As a result, they turn to substances to calm their mind and give themselves a new sense of purpose in life. While drug abuse may seem like a poor direction for a life to go, most people with that level of sadness don’t care. They simply need something that brings them comfort and stability, and alcohol and drugs often seem to provide that help. Unfortunately, the reality of the situation is that substances often put people in a homeless state and keep them thereby distracting them from what they need to do to improve their lives. Happily, many rehab centers and detox facilities will provide homeless people with care on a sliding scale – which means that they can receive recovery treatment for almost nothing. These facilities understand that you have to root out the source of a person’s substance abuse before you can bring them sobriety and get them on the path away from homelessness. Unfortunately, the state of being homeless often makes this a hard road to follow without specialized help.
How Homelessness Complicates Treatment
When drug abuse impacts a homeless person, their recovery effort is going to be complicated by a variety of issues. Unlike those with more stable living conditions, homeless people may struggle to fit into a rehab community because of the problems defined below:
- Disaffiliation – This situation occurs when a person has no social support system for their health issues. Sadly, this problem is common with homeless people with addictions because they are cut off from “normal” society in a way that is hard to overcome.
- Lack of Trust – Homeless Individuals have often been hassled by law enforcement officials or other sources of authority over the years and, therefore, have a general lack of trust. This distrust is likely to worsen when their treatment specialist tells them what to do.
- Unstable Living Conditions – Since homeless people often travel regularly across their home city to avoid persecution and prosecution, they may find it hard to settle down in a care center and may miss appointments that set them back during their treatment.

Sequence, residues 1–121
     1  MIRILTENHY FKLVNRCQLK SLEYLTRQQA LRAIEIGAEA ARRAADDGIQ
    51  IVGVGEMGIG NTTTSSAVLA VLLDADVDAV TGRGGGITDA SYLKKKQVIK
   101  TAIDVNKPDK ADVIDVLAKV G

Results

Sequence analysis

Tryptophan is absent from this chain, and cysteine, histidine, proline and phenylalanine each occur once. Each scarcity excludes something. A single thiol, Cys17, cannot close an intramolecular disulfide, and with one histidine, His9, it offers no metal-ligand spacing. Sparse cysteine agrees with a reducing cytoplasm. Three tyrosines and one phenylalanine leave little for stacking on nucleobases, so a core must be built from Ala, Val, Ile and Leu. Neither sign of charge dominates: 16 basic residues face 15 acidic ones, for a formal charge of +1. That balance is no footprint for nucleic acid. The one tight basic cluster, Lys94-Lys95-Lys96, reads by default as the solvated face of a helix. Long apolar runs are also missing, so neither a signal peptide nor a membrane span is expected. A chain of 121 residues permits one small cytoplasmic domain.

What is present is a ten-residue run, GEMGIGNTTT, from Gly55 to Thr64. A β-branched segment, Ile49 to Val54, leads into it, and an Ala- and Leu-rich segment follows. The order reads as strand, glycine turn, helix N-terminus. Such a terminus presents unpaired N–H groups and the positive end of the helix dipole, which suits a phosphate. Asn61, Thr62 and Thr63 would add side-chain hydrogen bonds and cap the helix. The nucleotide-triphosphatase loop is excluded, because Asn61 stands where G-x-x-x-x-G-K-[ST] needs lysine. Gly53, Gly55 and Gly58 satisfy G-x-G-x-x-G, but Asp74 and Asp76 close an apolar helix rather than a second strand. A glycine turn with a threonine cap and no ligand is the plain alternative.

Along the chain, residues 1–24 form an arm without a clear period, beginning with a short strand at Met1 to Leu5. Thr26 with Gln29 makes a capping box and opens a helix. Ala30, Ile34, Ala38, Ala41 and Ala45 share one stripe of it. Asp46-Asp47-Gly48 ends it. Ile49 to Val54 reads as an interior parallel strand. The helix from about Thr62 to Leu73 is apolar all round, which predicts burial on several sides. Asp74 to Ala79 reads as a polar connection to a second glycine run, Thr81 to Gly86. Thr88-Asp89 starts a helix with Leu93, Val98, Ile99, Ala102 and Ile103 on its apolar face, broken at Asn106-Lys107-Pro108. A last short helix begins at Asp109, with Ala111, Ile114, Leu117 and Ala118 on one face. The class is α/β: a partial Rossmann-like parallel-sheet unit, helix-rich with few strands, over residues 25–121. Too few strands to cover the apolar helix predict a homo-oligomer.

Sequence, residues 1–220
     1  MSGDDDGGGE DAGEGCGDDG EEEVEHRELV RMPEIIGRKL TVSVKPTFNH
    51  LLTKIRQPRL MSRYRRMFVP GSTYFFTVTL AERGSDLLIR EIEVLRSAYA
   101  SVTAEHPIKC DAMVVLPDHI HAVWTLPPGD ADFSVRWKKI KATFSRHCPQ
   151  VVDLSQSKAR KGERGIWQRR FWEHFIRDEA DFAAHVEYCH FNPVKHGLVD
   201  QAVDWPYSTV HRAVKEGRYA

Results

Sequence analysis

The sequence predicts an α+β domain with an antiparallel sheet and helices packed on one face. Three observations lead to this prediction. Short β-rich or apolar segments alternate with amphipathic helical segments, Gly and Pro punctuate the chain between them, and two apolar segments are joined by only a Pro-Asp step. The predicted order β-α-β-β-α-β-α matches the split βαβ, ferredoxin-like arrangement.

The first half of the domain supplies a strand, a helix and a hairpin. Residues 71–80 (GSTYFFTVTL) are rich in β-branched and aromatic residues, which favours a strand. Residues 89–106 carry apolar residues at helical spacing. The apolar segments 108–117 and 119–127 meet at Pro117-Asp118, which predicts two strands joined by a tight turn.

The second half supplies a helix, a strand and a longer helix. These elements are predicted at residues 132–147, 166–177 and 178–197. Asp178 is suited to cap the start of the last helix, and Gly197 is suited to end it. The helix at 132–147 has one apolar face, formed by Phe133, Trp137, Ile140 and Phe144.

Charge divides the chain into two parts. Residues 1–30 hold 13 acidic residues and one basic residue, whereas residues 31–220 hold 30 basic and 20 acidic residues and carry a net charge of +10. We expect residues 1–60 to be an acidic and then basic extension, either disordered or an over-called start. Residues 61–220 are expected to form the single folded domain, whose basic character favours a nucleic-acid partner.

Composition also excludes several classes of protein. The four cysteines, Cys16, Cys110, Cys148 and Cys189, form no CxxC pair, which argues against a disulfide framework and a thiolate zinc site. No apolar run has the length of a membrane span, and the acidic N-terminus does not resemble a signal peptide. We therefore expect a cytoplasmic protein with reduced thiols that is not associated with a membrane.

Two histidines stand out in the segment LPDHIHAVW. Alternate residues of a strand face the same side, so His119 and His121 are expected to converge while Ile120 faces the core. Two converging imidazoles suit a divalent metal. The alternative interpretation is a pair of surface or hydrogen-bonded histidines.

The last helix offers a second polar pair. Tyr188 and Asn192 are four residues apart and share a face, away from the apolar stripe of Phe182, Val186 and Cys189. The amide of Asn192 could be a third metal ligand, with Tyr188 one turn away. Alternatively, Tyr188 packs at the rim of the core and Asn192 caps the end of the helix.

- Complexity of Needs – Addiction is often just one symptom of a broader array of issues in a homeless person’s life. Concerns such as psychiatric disorders, lack of medical benefits, physical health issues, and more make treatment more difficult.
Thankfully, there are ways to overcome these problems, such as outreach, housing assistance, pressure-free environments, and motivational interviewing. Each of these methods can help a person with addiction get the care they need, particularly in a dual-diagnosis facility. This treatment and recovery option is typically the most successful way for homeless people to overcome substance abuse and regain the happy life that they once had before addiction.
How Dual-Diagnosis Can Help
Those who suffer from homelessness and addiction – two of the worst co-occurring disorders – should seriously consider dual-diagnosis to improve their chances of recovery. This unique treatment method differs from past rehab and treatment care options by giving you help on all fronts. You’ll get the opportunity to detox from substances to avoid the kind of withdrawal that is intensely painful and even – in many situations – life-threatening and difficult to overcome.
And clearing your body in this way helps to clear your mind and make the next steps more comfortable to handle. Essentially, dual-diagnosis focuses on your mental health and how it causes a cycle of abuse that is hard to escape. For example, therapists can identify any issues that caused you to become homeless in the first place – such as depression making it impossible for you to work – and determine how these cause you to abuse substances. They’ll also assess home homelessness has affected your sense of worth.
At this point, they’ll give you an insight into how your substance abuse affects your anxiety and other disorders. You’ll learn that these drugs don’t improve your mental state – which many people who abuse substances believe – but worsen it. For example, alcohol can trigger anxiety and depression, while methamphetamine and benzos may cause behavior issues that cause further life complications. Thankfully, dual-diagnosis can minimize these problems, break the cycle of addiction, and help give you a headstart on improving your life for the better.
Let Us Help You Recover
So if you are someone who is suffering from substance abuse or know someone who abuses methamphetamine, heroin, opioids, or other drugs while living on the street, you should contact us at His Story to get the help that you need. We are a dual-diagnosis care center that also provides 12 step and detox help. This holistic care method, as described above, is one of the most potent and beneficial ways to overcome addiction and is a necessity for many people.
For example, we can help you overcome issues with mental health, trauma, and PTSD that keeps you on the street. Just as importantly, we can manage your anxiety and depression and show you how these issues create a cycle of abuse from which it is hard to escape. This treatment of co-occurring disorders is the bedrock of the dual-diagnosis treatment and recovery method and, when paired with detox to prevent withdrawal, will give you a guide out of addiction and towards a better life.
Our facilities offer a variety of payment options that you can use if you simply don’t have the money to get the care that you need. We are interested in saving lives, not making a fortune, and work hard to help those who need help the most. So please don’t hesitate to call us today to set up an appointment. We can give you a free assessment and show you around our facility to provide you with a better understanding of what to expect during your treatment time with us. We look forward to helping you.